Bolingbrook, Illinois, is widely recognized as a fabulous community to raise a family. It has maintained much of its small-town culture despite 75,000 residents calling it home.
When looking for a diverse city with high-quality public schools and lower crime rates for your family, Bolingbrook checks all the boxes.
Despite all the incredible perks that accompany living in an affluent community such as Bolingbrook, there can be aspects that are difficult for teens growing up in higher-achieving environments.
When your teen is going through a tough time or struggling with an issue, it can be hard to know when to make an appointment with a counselor. This article will explore why our teens face higher rates of mental health issues and how you can find counseling support in Bolingbrook.
Our Teens Are Stressed
There is no question that teens are facing more pressure than ever. Some of their stressors include:
A 4.0-grade point average is no longer sufficient in high-achieving communities. Teens feel enormous pressure to manage their “portfolios” by juggling all the stressors of AP classes, high grades, elevated sports performance, community service, and a myriad of extracurricular activities.
Internal and external expectations for success can influence teens to lose sleep and work until they’re exhausted. This can be a catalyst for anxiety, depression, suicide ideology, and various addictions.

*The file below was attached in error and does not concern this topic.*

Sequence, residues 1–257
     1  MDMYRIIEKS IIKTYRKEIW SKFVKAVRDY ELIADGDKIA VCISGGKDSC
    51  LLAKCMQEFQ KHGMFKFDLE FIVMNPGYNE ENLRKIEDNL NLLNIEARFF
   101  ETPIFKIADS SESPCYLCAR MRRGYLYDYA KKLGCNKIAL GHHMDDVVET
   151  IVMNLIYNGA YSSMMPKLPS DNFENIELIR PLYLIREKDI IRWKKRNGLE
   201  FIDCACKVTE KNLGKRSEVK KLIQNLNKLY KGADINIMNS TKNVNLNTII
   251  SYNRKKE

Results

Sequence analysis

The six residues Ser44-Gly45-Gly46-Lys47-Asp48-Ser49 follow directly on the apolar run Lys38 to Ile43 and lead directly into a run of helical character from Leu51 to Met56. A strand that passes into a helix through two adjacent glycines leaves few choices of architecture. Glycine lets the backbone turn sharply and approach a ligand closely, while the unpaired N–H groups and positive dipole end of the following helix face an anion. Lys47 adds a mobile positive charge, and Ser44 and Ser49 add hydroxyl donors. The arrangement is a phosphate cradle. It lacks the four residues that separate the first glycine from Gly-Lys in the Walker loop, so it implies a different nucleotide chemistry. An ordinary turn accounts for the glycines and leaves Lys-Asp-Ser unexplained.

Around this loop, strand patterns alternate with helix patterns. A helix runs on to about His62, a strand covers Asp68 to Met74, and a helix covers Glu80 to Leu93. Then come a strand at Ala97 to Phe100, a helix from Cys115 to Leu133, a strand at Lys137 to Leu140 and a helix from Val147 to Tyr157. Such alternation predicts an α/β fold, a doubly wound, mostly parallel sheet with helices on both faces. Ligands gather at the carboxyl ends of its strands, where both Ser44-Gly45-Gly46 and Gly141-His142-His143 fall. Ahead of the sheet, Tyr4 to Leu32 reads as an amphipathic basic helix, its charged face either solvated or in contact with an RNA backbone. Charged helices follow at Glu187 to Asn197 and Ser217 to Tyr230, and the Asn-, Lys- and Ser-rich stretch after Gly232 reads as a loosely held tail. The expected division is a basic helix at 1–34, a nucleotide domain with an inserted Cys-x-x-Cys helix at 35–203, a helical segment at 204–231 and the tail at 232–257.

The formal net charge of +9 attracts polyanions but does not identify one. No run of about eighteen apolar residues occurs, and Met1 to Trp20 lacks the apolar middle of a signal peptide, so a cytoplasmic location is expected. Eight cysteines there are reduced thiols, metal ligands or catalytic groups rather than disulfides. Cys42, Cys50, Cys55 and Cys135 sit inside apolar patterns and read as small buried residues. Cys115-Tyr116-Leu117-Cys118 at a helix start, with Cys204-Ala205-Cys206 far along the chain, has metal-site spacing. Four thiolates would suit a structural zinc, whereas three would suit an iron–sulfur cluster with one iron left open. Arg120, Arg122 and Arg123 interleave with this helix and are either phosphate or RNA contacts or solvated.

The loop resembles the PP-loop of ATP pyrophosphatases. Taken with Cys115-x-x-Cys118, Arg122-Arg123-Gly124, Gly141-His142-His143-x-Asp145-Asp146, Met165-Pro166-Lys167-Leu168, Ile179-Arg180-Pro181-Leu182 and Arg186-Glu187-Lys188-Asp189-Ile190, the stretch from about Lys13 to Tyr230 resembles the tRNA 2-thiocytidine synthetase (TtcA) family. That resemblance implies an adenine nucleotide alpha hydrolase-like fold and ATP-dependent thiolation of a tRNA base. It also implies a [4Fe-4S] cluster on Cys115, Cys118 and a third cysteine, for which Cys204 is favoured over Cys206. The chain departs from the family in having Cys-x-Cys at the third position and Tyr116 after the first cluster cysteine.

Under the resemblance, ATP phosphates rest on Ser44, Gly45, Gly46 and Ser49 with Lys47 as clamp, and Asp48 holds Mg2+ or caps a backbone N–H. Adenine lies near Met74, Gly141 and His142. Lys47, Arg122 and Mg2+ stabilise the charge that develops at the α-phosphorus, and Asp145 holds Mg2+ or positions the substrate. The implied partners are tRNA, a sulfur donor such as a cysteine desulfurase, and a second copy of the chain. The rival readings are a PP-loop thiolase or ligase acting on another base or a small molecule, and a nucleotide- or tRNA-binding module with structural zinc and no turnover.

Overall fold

- Social media
Our teens have unlimited access to social media. According to Johns Hopkins University, nearly 75% of teens in the United States have at least one social media account, and 95% have access to a smartphone.
Increased interaction online can increase the pressure your teen is coping with. More time on social media can increase their risk of being exposed to cyberbullying, harassment, sexting, predators, sleep problems, and more.
Bullying is another pressure teens face, and it’s so much more than one teen being unkind to another.
Bullying is “a repeated aggressive behavior where one person (or group of people) in a position of power deliberately intimidates, abuses, or coerces an individual with the intention to hurt that person physically or emotionally.”
A teen can be bullied:
- By intimidation.
- By cyberbullying.
- Global Pandemic:
Social connections are critical to a teen’s emotional well-being, and since the pandemic began, 46% of teen parents report their teens displaying new or worsening mental health symptoms.
The pandemic has ushered less time with friends, which feels isolating for teens. Remote learning and canceled social interactions have led to more time on social media and playing video games.
Additionally, teens are coping with fear and grief related to the losses associated with the pandemic.
Bolingbrook Teen Counseling
Get in touch with us at Eunoia today and learn how we can partner with you and your family.